Time 45 minutes
1 red onion, finely chopped
2 garlic cloves, finely chopped
140 g (5 oz/1 cup) frozen green peas
Handful basil, leaves picked
Freshly ground black pepper
100 g (31/2 oz) skinless salmon fillet, cut into large cubes
100 g (31/2 oz) raw prawns (shrimp) peeled, deveined and tails left intact
100 g (31/2 oz) smoked mackerel, cut into bite-sized pieces
500 g (1 lb 2 oz) pipis (or vongole or clams), scrubbed 12 mussels, scrubbed and de-bearded
175 g (6 oz/1 cup) farro (see note)
1 corn cob, kernels sliced off with a small sharp knife
2 tablespoons extra virgin olive oil
500 ml (17 fl oz/2 cups) fish, crab or vegetable stock (preferably homemade, see note for fish stock, or good quality store-bought)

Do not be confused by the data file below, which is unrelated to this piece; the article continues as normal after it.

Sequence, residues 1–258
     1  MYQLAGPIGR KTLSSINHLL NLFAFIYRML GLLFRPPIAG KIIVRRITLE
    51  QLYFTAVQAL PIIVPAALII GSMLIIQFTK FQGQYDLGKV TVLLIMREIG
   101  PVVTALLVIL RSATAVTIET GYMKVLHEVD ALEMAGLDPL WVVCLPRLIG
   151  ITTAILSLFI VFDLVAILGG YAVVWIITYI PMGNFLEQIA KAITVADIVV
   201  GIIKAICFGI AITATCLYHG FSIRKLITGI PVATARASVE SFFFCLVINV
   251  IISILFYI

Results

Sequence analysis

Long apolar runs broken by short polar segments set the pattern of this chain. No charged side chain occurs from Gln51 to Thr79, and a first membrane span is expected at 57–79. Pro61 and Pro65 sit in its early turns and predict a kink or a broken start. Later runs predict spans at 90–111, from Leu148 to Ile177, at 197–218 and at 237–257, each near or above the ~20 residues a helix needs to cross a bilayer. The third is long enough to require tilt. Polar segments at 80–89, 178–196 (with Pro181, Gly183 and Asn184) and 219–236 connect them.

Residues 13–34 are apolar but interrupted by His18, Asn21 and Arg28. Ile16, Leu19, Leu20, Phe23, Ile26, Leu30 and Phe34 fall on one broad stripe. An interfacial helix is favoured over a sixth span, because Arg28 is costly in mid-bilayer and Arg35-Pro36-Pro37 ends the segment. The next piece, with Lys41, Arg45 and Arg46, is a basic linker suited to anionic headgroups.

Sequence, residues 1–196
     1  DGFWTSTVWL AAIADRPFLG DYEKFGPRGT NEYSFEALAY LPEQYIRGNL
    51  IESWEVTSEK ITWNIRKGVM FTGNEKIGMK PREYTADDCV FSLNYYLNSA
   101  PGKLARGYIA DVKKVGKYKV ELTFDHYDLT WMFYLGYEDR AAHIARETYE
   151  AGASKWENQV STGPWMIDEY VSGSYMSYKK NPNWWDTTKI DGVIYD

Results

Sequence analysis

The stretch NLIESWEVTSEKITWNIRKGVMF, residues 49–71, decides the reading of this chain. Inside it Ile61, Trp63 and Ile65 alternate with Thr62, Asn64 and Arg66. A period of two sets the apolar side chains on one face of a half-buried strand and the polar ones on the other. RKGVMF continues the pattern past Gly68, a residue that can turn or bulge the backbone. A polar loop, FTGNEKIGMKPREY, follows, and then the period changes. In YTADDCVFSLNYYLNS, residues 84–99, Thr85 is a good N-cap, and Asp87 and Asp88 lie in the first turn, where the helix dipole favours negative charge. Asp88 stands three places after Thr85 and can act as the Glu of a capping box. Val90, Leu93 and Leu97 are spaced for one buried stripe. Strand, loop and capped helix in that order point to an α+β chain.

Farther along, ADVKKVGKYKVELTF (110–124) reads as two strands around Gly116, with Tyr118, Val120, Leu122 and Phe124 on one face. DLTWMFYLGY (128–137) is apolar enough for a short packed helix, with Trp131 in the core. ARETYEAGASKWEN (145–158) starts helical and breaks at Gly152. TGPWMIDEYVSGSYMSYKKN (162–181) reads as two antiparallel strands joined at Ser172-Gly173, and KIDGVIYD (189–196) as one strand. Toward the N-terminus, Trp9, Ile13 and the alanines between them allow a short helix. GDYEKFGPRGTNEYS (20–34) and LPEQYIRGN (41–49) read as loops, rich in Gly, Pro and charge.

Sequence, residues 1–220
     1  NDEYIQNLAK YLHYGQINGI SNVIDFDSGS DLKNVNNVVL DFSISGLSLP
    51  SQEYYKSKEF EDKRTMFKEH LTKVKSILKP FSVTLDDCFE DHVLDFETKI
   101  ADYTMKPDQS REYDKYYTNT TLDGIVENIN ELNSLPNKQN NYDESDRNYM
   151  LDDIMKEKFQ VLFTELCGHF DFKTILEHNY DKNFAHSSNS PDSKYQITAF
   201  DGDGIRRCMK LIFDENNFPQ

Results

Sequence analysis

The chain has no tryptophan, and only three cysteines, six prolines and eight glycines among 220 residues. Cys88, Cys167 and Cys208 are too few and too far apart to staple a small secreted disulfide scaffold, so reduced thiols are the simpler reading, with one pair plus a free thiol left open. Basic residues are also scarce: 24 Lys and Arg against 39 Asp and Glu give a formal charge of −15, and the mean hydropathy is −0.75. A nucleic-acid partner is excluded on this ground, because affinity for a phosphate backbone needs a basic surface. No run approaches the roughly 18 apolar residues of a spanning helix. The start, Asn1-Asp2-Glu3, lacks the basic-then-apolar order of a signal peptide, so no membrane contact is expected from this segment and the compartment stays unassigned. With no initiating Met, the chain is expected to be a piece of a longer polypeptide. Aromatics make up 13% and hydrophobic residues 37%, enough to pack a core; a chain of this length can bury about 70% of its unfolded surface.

125 ml (4 fl oz/1/2 cup) dry white wine
Pinch of salt flakes
Put the farro, stock and 250 ml (9 fl oz/1 cup) of water into a saucepan. Bring to the boil, reduce the heat and simmer for 30 minutes or until the farro is cooked. If there is any liquid remaining, drain.
Heat the extra virgin olive oil in a large frying pan over medium heat. Add the onion and garlic and sauté for a few minutes until the onion is soft. Add the wine and simmer for a minute to cook off the alcohol.
Add the seafood to the pan and stir gently. Put the lid on and cook for 2–3 minutes until the shellfish shells have opened.
Add the cooked farro, corn and peas. Stir gently to ensure you don't break up the fish, adding a little water or stock if it looks too dry.
Add the basil, season with salt and black pepper to taste and serve immediately.
Notes: Farro is the Italian name for emmer, which is an ancient variety of wheat. It's relatively high in protein for a grain with 14 g per 100 g (31/2 oz) and is a terrific source of fibre. You'll find farro in better grocers and health food stores. If you can't find it, try using brown rice, freekeh or barley instead.